Employees do not have a legal right to be accompanied by their lawyer at a disciplinary hearing

23 July 2012 | David Widdowson

The Court of Appeal has held that an employee did not have the right under the European Convention of Human Rights (ECHR) to legal representation during a disciplinary hearing which resulted in his dismissal.


This case was an appeal by Dr Mattu, a consultant cardiologist, against a High Court decision to dismiss his claim that he was entitled to legal representation at an internal disciplinary hearing. The appeal considered whether, as a public sector employee, he was entitled to rely upon Article 6 (which provides for the right to a fair trial) of the ECHR and have legal representation at a disciplinary hearing that resulted in his dismissal from the NHS Trust.

The Court of Appeal disagreed with Dr Mattu. The Court of Appeal explained that an employer’s decision to dismiss its employee is derived from a contractual power and is not determined by a civil right as required by Article 6. An internal disciplinary process of this nature could not be equated with a civil trial and so no right to legal representation arose.


Unless there is a contractual right to be accompanied by a lawyer (which is most unusual), both private and public sector employers can confidently refuse to allow an employee’s request that they be accompanied by their lawyer at a disciplinary hearing, even if the outcome of the disciplinary could damage the employee’s career.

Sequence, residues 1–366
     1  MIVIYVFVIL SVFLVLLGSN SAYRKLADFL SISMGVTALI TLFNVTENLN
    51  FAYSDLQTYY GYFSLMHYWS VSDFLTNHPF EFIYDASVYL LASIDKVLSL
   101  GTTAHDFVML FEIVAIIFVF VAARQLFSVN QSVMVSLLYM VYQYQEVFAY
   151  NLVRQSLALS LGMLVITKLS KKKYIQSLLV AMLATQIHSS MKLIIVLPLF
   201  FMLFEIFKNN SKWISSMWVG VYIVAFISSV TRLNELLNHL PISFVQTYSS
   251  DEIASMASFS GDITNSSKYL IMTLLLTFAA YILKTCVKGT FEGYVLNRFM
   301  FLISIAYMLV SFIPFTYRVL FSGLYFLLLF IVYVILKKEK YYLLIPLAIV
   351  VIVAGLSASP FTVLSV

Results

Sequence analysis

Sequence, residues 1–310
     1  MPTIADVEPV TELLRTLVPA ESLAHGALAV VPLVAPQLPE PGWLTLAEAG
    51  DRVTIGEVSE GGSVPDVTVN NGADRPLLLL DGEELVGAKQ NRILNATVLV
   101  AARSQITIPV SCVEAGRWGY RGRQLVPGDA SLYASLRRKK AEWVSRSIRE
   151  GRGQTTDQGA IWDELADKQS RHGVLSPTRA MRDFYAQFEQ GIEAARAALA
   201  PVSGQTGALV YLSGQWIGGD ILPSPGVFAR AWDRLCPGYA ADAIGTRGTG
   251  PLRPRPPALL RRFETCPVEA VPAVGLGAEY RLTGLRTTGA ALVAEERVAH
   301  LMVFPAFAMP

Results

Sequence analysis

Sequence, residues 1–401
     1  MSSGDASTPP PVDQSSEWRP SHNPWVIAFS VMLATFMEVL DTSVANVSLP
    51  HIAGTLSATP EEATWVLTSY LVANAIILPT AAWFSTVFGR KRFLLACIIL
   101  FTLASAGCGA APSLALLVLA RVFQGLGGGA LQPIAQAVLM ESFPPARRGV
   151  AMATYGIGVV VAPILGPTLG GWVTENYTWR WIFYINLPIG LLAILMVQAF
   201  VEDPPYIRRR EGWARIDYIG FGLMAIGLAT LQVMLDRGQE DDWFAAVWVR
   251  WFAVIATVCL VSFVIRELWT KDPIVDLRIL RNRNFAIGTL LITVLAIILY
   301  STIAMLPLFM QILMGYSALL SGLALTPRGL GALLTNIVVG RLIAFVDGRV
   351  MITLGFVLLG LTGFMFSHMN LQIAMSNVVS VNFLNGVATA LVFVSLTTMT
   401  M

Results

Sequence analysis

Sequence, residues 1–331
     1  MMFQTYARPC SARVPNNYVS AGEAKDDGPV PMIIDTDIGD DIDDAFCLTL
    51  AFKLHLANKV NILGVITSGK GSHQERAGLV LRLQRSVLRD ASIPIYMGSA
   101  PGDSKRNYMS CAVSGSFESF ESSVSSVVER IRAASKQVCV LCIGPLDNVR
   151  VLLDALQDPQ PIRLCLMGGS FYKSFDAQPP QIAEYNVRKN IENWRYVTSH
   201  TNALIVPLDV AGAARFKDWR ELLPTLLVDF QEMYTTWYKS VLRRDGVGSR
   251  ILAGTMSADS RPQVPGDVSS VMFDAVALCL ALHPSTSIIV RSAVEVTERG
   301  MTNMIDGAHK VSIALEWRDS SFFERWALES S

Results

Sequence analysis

The Court of Appeal commented that a court of law and the General Medical Council’s (GMC) panel (who determine if a doctor is fit to practice) make their own decisions separate from the employer’s decisions. The Court of Appeal suggested that, if an employee’s career might be in jeopardy dependent on the outcome of a hearing, the employee may be able to bring a claim under the ECHR against the professional body, or regulator, such as the GMC, who could effectively determine his future. This could mean more claims against organisations such as the FSA if they refuse to issue approved person status to a banker who has been dismissed for misconduct.


Mattu v The University Hospitals of Coventry and Warwickshire NHS Trust

For further information or to discuss the issues raised, please contact Emma Clark or David Widdowson on +44(0) 20 3051 5711.


Content is for general information purposes only. The information provided is not intended to be comprehensive and it does not constitute or contain legal or other advice. If you require assistance in relation to any issue please seek specific advice relevant to your particular circumstances. In particular, no responsibility shall be accepted by the authors or by Abbiss Cadres LLP for any losses occasioned by reliance on any content appearing on or accessible from this article. For further legal information click here.

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